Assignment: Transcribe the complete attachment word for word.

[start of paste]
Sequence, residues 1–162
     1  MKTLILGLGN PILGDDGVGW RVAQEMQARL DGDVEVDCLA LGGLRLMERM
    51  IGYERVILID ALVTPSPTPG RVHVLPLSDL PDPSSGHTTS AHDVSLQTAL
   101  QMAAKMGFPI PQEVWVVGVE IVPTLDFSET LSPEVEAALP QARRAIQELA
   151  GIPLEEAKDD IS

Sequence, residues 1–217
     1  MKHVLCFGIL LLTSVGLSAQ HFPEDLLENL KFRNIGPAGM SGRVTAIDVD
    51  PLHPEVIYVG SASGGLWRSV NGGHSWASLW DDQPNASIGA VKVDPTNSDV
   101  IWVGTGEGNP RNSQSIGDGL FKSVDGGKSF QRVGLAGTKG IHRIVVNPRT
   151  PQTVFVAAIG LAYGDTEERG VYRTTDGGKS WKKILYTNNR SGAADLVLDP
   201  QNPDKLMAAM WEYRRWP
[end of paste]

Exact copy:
Sequence, residues 1–162
     1  MKTLILGLGN PILGDDGVGW RVAQEMQARL DGDVEVDCLA LGGLRLMERM
    51  IGYERVILID ALVTPSPTPG RVHVLPLSDL PDPSSGHTTS AHDVSLQTAL
   101  QMAAKMGFPI PQEVWVVGVE IVPTLDFSET LSPEVEAALP QARRAIQELA
   151  GIPLEEAKDD IS

Sequence, residues 1–217
     1  MKHVLCFGIL LLTSVGLSAQ HFPEDLLENL KFRNIGPAGM SGRVTAIDVD
    51  PLHPEVIYVG SASGGLWRSV NGGHSWASLW DDQPNASIGA VKVDPTNSDV
   101  IWVGTGEGNP RNSQSIGDGL FKSVDGGKSF QRVGLAGTKG IHRIVVNPRT
   151  PQTVFVAAIG LAYGDTEERG VYRTTDGGKS WKKILYTNNR SGAADLVLDP
   201  QNPDKLMAAM WEYRRWP